Medieval church with an interesting crypt church in the basement. The crypt church, built around 1060, is one of the oldest stone churches in Scandinavia. Through a door on the left inside the main church you can enter a former priory with an atrium garden.
Another museum brought to you by Aarhus University, the Natural History Museum's four fully wheelchair-accessible exhibition halls educate visitors on over 5,000 different animal species hailing from all over the world, displayed in reproductions of their natural habitats.
The University Park at the University campus is a soothing spot of greenery in the city centre and it is open year round. It is a celebrated piece of landscape architecture with rolling hills, open lawns, large old oak trees and a couple of duck ponds. If there, be sure to visit the southern section as well, known as Vennelystparken. It is the oldest park in Aarhus, dating to 1824, and is a bit different from the main park.
One of Denmark’s largest museums. Be sure to check out the '9 Spaces', a maze of black-walled galleries. A work by Icelandic-Danish artist Olafur Eliasson, "Your Rainbow Panorama", offers a splendid roof-top view of the city inside a circular walkway with rainbow-coloured windows. There is a café with dining options in the lounge area at the entrance and a celebrated high-end gourmet restaurant by the name ARoS Food Hall at the top floor of the museum.
Operated by Aarhus University, the focus of the Museum of Ancient Art's collection falls on Classical-era artworks and artifacts from Ancient Greece, Rome, Egypt, the Near East, and elsewhere in the Mediterranean area. Their collection of Ancient Greek coins is one of the largest in Europe.
Founded in 1873 as a research garden for students at Aarhus University, nowadays the Botanical Gardens have been repurposed more as a pleasant outdoor space for citizens to enjoy during the warm months. However, for laypeople who may be interested in botany, there are still thousands of different species of plants on display throughout this 21-hectare expanse, all labelled in Latin and Danish. The bulk of the place is a hilly outdoor expanse of open lawns, ponds, and landscaped gardens, with tropical plants to be found in a large greenhouse complex, designed in the modernist style (of course) by the prominent architectural firm of C. F. Møller. There's a small children's playground onsite, ample facilities for picnicking, and a café in the greenhouses, serving light lunches.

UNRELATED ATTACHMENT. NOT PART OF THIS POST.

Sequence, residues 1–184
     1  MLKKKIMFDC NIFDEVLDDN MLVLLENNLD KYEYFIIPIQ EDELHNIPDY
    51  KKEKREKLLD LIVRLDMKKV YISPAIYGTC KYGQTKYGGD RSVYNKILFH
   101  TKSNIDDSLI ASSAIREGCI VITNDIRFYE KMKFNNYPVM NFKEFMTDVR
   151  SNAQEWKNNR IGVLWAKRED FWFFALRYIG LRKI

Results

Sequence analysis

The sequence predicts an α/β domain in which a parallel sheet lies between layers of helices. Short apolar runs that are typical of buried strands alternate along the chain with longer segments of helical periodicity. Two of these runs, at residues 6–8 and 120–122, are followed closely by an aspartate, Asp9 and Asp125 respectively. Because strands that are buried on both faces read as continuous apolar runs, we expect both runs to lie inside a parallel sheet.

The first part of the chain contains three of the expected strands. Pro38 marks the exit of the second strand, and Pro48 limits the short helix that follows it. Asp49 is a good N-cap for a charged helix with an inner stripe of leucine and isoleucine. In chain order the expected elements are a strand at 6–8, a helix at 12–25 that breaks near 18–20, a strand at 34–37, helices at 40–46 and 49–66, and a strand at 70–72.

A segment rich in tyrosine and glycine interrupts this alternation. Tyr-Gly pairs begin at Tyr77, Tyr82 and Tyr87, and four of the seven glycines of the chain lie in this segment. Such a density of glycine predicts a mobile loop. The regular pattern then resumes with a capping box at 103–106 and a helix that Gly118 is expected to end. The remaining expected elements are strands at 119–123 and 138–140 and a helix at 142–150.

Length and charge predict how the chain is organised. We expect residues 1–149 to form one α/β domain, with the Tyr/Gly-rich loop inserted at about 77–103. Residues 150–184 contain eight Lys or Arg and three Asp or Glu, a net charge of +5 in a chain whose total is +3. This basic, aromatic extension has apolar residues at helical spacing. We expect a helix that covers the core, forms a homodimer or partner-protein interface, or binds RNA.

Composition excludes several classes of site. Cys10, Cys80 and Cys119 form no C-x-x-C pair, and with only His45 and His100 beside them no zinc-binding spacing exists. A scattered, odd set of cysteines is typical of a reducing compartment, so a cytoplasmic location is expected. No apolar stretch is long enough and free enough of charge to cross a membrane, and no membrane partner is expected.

town in the municipality with the same name in Denmark
The Brabrandstien pathway leads upstream the river all the way to the Brabrand Lake nature site in the western parts of the city. Brabrandstien is a twenty kilometre long safe and tranquil corridor of greenery perfect for hiking, cycling and rollerblading. There are several spots for picnicking and resting, and even though it doesn't feel like it, you are always close to the city and its bus lines, if you don't want to backtrack. It is not possible to bath in the lake, but you can go there by canoe from the inner city if you want some alternative action.
Danish Baltic Sea island
town in Denmark
Smålandsfarvandet is a strait in Denmark's archipelago between Zealand and Lolland. The strait contains some small, rural islands with fewer than a thousand permanent inhabitants together.
Martello tower built in 1686-1690. The top floor (cannon deck) houses a range of artillery. The lower floors have exhibitions of the history of Fladstrand and the harbor. Citadel Fladstr. was used as a base by the Danish Navy during the Great Northern War (1709–20) and the war against GB (1807–14). Tordenskioldsdage is a historic festival that with a spectacular staging of the Powder Tower brings the audience back to the year 1717.
migrating coastal dune in Denmark
church in Denmark
northernmost point of Denmark
city in central Denmark
city in Denmark
island in Denmark
village in Denmark
summer park in Fårup, Denmark
What's on your mind?
No climate information is available for this destination.